Democrats in the Ohio Senate say local boards of elections should have the flexibility to set their own early voting schedules following a federal court decision.
Last week, U.S. District Judge Peter Economus temporarily blocked an Ohio law that trims early voting and ordered the swing state's election chief to set an expanded voting schedule. The judge also barred Republican Secretary of State Jon Husted from preventing local elections boards from adopting additional early voting hours beyond his order.
The organization that represents elections officials throughout Ohio has not taken a position on the federal court’s most recent ruling on changes to the state’s elections laws. Last week the court ordered the state to go back to some of the early voting options that were in place in 2010, but have since been eliminated by new laws. Ohio Secretary of State Jon Husted plans to appeal the ruling, but Aaron Oeckerman with the Ohio Association of Election Officials says his group didn’t ask Husted to do that.
Fifty years ago, in November 1964, President Lyndon Johnson won reelection in a landslide victory, and Congress, too, was overwhelmingly Democratic. During the Johnson presidency, a number of landmark social programs were passed into law: Medicare, Head Start, the federal food stamp program, the Voting Rights Act and the Civil Rights Act, too.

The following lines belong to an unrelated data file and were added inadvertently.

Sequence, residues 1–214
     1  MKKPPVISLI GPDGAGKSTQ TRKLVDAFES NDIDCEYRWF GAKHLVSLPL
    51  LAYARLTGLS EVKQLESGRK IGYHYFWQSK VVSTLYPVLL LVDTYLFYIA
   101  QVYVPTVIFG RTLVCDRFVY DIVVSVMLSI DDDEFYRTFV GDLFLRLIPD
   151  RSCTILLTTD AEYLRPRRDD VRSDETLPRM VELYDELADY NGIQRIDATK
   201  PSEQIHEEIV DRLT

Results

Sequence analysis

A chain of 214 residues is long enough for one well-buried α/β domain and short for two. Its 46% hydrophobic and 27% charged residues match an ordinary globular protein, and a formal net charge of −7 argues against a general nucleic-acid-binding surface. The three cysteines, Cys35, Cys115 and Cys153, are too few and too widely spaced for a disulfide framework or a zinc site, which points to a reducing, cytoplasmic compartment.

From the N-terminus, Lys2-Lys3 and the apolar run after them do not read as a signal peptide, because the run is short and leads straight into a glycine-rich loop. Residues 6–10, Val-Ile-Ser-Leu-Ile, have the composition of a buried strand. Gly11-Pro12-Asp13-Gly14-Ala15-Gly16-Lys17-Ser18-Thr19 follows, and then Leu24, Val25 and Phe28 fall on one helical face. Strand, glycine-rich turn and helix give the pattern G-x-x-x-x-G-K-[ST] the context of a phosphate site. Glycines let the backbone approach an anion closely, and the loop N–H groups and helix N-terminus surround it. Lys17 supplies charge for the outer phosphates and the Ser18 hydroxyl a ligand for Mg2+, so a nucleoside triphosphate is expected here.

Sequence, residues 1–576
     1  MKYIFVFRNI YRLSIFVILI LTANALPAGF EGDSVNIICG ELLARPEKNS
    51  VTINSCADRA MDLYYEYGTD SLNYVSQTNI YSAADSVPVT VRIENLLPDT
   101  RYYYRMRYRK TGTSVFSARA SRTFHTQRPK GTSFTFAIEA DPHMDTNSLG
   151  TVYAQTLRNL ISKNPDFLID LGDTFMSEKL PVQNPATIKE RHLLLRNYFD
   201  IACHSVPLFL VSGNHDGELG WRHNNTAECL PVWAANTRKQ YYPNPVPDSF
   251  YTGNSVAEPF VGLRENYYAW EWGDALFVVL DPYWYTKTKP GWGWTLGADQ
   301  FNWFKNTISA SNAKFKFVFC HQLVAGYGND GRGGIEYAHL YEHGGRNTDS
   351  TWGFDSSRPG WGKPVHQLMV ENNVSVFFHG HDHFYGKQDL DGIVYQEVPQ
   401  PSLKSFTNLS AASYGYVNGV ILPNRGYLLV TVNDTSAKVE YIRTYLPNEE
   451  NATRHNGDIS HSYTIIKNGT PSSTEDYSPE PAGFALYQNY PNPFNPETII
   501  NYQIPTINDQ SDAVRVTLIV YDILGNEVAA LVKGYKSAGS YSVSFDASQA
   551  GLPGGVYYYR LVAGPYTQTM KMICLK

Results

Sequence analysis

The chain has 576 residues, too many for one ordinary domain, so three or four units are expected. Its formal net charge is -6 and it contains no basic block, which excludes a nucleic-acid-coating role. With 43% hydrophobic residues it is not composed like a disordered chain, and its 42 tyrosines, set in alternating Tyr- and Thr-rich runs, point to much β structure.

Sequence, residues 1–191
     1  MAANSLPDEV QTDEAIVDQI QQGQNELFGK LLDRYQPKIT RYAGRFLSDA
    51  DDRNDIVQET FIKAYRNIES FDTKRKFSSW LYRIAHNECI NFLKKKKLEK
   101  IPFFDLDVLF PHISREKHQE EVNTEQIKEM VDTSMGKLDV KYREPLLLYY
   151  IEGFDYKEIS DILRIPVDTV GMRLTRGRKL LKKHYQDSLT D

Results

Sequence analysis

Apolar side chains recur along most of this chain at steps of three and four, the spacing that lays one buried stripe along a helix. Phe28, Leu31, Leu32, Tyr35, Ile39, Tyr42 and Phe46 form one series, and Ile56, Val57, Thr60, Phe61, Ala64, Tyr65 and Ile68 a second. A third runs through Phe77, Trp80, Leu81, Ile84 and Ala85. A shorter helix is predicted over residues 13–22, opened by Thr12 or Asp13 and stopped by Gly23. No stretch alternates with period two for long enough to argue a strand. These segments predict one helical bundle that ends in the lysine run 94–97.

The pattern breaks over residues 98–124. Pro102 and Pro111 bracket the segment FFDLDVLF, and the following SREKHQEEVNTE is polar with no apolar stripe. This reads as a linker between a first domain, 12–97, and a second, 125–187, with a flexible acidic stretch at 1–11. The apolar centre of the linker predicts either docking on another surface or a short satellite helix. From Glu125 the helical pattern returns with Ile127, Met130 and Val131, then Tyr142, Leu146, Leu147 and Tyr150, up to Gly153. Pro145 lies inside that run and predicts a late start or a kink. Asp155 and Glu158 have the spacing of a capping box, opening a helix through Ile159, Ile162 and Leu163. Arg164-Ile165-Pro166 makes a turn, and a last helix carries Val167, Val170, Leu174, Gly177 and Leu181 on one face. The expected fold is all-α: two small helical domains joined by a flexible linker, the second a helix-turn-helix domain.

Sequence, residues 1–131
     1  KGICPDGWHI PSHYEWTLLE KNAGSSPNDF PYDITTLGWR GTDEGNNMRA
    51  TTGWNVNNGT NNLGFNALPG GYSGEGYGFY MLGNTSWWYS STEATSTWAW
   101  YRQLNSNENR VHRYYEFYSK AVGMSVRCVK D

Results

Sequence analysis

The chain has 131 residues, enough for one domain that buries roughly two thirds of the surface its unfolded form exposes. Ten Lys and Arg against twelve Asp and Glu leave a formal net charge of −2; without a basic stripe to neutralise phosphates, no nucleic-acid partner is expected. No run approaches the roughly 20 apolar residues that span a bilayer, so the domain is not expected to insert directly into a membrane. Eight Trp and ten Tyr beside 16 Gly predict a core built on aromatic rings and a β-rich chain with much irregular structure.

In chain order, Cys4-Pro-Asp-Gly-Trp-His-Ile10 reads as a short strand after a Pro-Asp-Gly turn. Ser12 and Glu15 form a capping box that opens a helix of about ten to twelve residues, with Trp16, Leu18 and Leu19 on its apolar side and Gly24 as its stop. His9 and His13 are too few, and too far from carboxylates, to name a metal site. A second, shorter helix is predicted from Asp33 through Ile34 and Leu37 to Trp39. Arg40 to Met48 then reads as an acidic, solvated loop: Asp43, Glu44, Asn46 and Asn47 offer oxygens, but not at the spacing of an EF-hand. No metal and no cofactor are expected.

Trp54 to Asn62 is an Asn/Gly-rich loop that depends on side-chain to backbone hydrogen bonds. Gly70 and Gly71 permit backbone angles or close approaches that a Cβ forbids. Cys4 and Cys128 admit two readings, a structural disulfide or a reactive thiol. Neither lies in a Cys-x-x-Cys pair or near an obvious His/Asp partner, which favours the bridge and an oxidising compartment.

Montgomery County is looking for more money to support services for senior citizens, foster kids, and the poor and unemployed by taking a request for a levy increase to voters this November.
The county says human services needs are growing, but resources are shrinking, mainly because property values have gone down, and that’s what property taxes are based on. Each year since 2010 Human Services has seen millions in cuts, totaling over $20 million.
A group of conservative Ohio lawmakers thinks it’s time the legislature pass a bill under consideration that would require voters to show a valid driver’s license or state issued photo ID before they can cast a ballot.